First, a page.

Saturday, January 19, 2013

The Military Dictatorship – A Dark Chapter In Argentina’s History

In this neighborhood, Luis Canfaila was abducted on 10/12/1975.
Luis Canfaila - Cordoba Argentina
In the early 1970’s, a militia dictatorship swarmed through every province in Argentina and its neighboring countries.  Their goal was to end any idealism or dissident movements that could prove a threat to the governments of that era. The militia considered knowledge to be dangerous as it could potentially open the minds of the young to rebellious thoughts like freedom and democracy. They dismantled laboratories to suppress scientific knowledge. They even burned libraries and bookstores to do away with general knowledge altogether. They regulated what could and could not be taught at schools and universities.
Translation: For this, and other crimes, those responsible are being judged. Participate in federal court hearings. The tribunal is located at Concepcion Arenales and Paunero. Attending is a right.
 Anyone that the dictatorship found to be against the government was hunted down. The militia broke into the homes of suspected dissidents. They searched for books and papers containing insurgency or idealistic topics. Then they’d abduct their target. The families would never see or hear from them again. Of course, not all of those who were abducted were taken from their homes. Several protestors rallied out in the streets, only to have their clothes stained by the riot patrols and later picked off one by one.

 The abductees were subjected to unspeakable torture. Electrodes were attached to the genitals of men and women as a form of abuse. The militia often used these techniques with no true agenda other than for perverse pleasure. Women were gang raped. Those who became pregnant were kept alive until they gave birth. Then the babies were taken from them. It is said that the militia got rid of their captives by either hacking them to pieces and disseminating them everywhere, or burning them alive, and even weighing them and throwing them off a plane while they were still alive.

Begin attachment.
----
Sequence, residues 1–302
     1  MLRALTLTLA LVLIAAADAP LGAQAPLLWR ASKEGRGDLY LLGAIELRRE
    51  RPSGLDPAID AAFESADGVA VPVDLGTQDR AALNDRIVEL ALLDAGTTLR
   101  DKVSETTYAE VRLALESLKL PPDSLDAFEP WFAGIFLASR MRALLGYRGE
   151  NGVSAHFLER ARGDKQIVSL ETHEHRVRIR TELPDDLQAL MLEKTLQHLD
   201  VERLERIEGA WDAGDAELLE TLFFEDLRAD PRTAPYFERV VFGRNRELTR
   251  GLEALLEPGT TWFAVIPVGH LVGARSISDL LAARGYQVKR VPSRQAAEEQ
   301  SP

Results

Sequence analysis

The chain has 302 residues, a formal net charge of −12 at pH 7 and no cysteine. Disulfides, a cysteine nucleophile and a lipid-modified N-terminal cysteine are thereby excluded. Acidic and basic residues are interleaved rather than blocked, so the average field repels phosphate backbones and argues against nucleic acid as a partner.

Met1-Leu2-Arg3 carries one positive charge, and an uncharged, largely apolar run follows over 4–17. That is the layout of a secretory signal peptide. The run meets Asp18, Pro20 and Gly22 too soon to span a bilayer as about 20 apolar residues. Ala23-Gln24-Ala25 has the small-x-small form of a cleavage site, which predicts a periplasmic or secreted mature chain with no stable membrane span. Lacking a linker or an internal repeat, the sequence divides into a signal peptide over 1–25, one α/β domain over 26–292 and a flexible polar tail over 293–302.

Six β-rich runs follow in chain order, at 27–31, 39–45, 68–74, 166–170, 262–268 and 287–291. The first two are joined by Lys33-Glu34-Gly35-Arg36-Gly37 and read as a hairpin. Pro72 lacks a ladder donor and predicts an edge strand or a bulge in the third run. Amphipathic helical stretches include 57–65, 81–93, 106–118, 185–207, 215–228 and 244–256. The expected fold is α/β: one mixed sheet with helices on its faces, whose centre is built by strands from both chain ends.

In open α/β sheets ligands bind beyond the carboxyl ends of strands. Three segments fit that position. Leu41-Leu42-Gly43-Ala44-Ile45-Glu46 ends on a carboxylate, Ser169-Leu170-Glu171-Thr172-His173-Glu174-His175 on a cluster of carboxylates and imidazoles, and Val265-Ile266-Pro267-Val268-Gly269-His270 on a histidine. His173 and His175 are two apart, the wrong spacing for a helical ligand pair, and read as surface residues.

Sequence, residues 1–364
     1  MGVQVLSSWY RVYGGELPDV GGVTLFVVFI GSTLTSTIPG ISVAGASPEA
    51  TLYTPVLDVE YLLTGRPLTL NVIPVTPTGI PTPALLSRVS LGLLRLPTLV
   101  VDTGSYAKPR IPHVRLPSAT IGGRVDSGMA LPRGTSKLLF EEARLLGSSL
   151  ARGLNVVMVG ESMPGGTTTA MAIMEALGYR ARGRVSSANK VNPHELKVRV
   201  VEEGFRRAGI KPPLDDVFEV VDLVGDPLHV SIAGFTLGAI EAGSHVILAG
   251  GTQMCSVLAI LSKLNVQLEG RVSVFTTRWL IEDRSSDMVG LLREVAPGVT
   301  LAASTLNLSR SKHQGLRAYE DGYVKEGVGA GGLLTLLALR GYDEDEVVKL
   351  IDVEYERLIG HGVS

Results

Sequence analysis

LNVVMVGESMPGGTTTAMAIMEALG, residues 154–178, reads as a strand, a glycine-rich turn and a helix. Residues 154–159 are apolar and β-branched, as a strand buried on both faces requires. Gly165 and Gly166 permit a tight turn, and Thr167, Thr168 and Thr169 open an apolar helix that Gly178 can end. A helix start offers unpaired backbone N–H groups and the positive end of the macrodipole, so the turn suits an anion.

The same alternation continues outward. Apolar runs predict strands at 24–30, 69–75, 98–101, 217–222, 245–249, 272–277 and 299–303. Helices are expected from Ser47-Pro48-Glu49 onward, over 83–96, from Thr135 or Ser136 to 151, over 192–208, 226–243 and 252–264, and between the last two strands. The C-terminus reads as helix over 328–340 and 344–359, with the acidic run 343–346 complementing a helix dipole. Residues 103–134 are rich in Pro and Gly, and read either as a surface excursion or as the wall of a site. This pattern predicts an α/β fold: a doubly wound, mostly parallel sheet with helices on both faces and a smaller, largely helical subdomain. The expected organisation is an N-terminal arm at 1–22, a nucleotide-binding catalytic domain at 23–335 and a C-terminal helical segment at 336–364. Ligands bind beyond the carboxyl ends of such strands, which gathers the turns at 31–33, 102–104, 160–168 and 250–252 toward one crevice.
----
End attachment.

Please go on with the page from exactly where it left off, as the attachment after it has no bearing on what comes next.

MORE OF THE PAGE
The province of Cordoba honored those that have disappeared by posting photos, and the date of their disappearance, in Plaza San Martin. 
Mothers of Plaza de Mayo
The Mothers of the Plaza de Mayo is a group formed by the mothers of those whose voices were forever silenced. To this day, these mothers gather at Plaza de Mayo in Buenos Aires every Thursday afternoon for the right to know what’s happened to their missing children, and perhaps to be reunited with them if they’ve survived.

The military dictatorship ended in 1983. It is believed that over 30,000 dissidents were abducted throughout South America. To this day, the whereabouts of these people remain a mystery.
Editor's addendum: Many of us take to facebook, twitter, and tumblr to voice our personal or political opinions, but we forget that in some parts of the world, freedom of speech was a crime. In some parts, it still is.

Wednesday, January 9, 2013

Nueva Cordoba - Video Tour

I’m presenting a video tour of Nueva Cordoba to kick-start 2013. This is the ideal location for expats because of the modern city theme. You’ll find hotels, cultural hostels like Catre Diem Hostel, Irish Pubs, American style restaurants, international restaurants, Paseo Del Buen Pastor, which was once a women’s prison now turned cultural center.  You can even go to Casa De Buenos Aires, a museum/tourist building that has all forms of information on the capital. This is a great place to go if you are thinking of planning a trip to Buenos Aires.

The shopping mall, Patio Olmos is on the border of Nueva Cordoba. Aside, from McDonald’s and Burger King, you’ll also find the HOYTS Cinema, Yenny bookstore, a bowling rink, arcades, a private hospital, toy stores and an assortment of clothing stores, all inside the mall!